We were all prepared for life to change when Gideon arrived. I knew that the girls would experience a difficult period of transition as they adapted to the new reality of having a baby boy in the house. I had prepared myself to go through this transition with them, like a skilled pathfinder leading a party of young hunters through the forest. I had mapped the course, circled the obstacles with a large red grease pencil, and cleaned and sharpened our survival tools. I felt ready to lift my family over whatever cliff or stream we came to. But it seems this territory is equally tangled and unfamiliar to all of us. And the journey ahead would not be without sudden casualties.

I stubbed my toe the hardest on this fact just the other day. I crawled out of bed and began my traditional morning routine. Clara, the early riser, was already awake, and while I chose a shirt to wear the two of us discussed life and our plans for the day. Then we sat close together on the small couch in my bedroom while I pulled on my socks and watched the rest of the family sleep.

As I finished with my last sock Gideon woke up grunting and his mother took him to the other room to change his diaper. Clara and I exchanged a laugh at the little boy’s scrunched nose as Andrea carried him out of the room on her shoulder.

I pat the little girl on the leg gently. “Come on. Let’s go downstairs. I need to brush my teeth and comb my hair.” She followed me out of the room on her way to sit on the counter next to me while I finished getting ready. This is our morning tradition, and has been for years. But as I descended the stairs I was struck with an odd premonition. At the bottom I turned around to find that my tiny shadow was not behind me anymore. She was still standing at the top of the steps. She stared down at me, nervously wringing her hands.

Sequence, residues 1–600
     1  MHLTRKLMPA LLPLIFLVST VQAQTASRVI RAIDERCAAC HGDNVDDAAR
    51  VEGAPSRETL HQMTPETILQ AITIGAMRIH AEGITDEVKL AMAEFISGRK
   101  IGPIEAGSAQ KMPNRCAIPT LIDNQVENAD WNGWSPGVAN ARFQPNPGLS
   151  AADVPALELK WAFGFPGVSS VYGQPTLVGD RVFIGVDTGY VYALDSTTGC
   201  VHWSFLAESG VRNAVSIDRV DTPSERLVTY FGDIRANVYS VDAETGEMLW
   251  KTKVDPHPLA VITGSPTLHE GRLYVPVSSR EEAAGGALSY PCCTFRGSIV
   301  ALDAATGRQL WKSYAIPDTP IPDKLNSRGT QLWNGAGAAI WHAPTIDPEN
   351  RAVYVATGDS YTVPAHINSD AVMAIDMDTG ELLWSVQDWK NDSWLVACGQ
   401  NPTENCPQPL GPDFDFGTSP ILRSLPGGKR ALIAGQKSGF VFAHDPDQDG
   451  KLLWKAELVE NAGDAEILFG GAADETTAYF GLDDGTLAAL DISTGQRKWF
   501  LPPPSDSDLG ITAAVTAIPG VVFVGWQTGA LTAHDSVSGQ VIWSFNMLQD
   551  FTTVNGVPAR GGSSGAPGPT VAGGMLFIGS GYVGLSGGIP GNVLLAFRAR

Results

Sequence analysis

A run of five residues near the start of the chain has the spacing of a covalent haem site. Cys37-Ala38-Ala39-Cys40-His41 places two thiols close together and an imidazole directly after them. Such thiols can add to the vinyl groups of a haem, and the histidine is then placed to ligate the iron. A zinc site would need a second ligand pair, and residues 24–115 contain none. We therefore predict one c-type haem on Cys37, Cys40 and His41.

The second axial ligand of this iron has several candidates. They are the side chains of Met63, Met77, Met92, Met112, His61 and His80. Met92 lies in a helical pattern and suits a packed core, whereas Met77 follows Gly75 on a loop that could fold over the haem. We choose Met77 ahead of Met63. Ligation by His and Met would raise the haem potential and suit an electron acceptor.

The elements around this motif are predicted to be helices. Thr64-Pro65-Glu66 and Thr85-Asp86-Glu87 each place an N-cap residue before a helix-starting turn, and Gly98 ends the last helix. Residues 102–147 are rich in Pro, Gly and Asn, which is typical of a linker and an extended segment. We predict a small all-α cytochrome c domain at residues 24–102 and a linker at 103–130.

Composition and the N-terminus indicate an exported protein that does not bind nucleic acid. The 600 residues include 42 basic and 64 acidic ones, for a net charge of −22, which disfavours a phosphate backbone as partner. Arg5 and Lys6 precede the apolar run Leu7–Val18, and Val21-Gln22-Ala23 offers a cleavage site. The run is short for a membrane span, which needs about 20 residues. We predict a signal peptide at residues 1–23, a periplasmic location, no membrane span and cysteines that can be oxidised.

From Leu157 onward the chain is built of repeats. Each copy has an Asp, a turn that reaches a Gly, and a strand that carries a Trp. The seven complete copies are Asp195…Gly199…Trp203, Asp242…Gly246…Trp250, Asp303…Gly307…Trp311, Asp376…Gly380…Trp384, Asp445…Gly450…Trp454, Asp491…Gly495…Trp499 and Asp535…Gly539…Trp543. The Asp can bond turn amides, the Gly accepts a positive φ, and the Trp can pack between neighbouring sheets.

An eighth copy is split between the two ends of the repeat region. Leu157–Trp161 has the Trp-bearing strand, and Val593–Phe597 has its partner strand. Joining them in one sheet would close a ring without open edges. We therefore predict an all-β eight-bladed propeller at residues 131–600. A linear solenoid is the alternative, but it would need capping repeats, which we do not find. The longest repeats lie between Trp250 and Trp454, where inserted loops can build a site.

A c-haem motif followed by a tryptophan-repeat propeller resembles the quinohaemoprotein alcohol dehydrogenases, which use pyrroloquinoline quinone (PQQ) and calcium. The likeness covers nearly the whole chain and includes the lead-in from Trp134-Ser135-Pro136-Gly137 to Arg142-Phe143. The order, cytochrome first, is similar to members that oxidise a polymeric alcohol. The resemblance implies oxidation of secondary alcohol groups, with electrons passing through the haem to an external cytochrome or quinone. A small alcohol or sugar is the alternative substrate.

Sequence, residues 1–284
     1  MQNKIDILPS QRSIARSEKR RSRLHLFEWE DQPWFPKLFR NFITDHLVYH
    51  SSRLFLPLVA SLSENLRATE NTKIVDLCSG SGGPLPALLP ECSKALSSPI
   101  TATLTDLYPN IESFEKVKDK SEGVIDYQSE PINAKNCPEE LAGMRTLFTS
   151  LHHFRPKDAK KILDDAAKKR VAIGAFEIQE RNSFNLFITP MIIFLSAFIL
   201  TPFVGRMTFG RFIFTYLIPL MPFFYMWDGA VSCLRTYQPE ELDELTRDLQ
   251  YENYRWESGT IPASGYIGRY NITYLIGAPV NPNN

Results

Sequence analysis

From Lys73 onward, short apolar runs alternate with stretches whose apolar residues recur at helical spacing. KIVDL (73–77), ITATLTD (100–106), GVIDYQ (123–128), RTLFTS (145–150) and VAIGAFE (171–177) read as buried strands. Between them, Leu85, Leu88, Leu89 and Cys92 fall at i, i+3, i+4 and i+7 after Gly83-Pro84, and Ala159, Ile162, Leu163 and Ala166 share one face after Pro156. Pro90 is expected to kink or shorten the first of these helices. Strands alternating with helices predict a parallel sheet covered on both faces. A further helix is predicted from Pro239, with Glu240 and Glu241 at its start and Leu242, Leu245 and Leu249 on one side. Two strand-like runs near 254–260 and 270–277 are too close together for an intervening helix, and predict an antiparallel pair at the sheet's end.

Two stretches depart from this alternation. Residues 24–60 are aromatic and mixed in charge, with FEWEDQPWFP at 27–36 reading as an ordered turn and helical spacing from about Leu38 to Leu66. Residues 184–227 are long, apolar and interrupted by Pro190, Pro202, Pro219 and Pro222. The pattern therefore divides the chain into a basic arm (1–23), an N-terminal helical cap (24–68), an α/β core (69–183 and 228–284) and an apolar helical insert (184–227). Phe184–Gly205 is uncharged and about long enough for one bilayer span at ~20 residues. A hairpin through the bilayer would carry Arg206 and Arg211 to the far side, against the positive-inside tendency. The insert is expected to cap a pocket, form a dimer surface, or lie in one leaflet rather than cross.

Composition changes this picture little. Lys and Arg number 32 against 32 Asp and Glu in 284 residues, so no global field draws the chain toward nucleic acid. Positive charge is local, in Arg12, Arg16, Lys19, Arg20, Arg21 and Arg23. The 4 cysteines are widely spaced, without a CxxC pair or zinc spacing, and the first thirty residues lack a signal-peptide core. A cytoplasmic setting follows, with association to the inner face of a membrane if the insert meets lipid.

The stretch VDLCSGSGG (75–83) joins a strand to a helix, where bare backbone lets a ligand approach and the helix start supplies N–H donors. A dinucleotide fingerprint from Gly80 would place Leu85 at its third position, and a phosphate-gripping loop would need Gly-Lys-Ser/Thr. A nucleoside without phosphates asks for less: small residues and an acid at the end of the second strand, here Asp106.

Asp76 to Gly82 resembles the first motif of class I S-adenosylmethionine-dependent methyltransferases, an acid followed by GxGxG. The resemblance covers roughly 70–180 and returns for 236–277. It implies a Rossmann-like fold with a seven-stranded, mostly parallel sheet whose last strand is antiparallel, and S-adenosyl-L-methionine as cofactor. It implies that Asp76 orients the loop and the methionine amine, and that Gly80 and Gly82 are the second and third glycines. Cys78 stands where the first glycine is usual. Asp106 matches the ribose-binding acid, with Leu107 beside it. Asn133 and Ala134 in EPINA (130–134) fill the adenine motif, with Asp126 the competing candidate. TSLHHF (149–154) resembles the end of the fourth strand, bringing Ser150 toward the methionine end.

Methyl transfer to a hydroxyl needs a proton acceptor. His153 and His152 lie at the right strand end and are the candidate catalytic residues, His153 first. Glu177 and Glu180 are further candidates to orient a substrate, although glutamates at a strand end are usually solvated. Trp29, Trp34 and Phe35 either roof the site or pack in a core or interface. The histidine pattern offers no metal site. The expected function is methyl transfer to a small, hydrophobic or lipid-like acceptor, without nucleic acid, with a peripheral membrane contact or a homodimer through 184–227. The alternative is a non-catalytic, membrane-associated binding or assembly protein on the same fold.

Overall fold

“What’s wrong?” I asked. But with a knot in my belly I knew what was happening. It was as if I had a psychic connection with the little girl’s mind. I could feel the gravity shift. I had been so blind. In my path finding through these unknown woods of transition I myself had fallen into the hole. I gave her a moment to choose her words and waited.

Finally, she looked down at me and gently asked, “Can I help mom with Gideon instead?”

I smiled reassuringly and nodded. In her excitement she was at least polite enough not to run. She slowly turned and walked back down the hallway and into the other room. She glanced over her shoulder a few times and was gone.

It was a few moments after she disappeared from sight before I descended the second set of stairs in the direction of the bathroom.

I quietly washed my face and brushed my teeth, trying not to pay too much attention to the empty square next to me in the bathroom mirror.

As I started combing my hair I heard a loud thumping sound coming down the stairs. I leaned to look out the door and waiting for the thumping to round the corner. As it did, I saw a little girl silhouetted in the sunlight streaming through the living room windows behind her. Her hair was a large bramble of curls. A fireworks finale of hair surrounding a wide smile. She moved with deliberate and determined excitement on her way to meet me. I was transported back several years in my memory to an image of an energetic little girl in diapers rushing to meet with her father in the bathroom. She turned and slid backwards down the final flight of stairs and then tumbled through the bathroom door.

As if pulled into a vacuum, she had been drawn to me. I knelt and tousled the little girl’s hair.

“Good Morning Lydia.” I smiled. “Would you like to sit here on the counter while I finish getting ready?”

Her wordless reply was to wrap her arms around my neck as I lifted her into the air.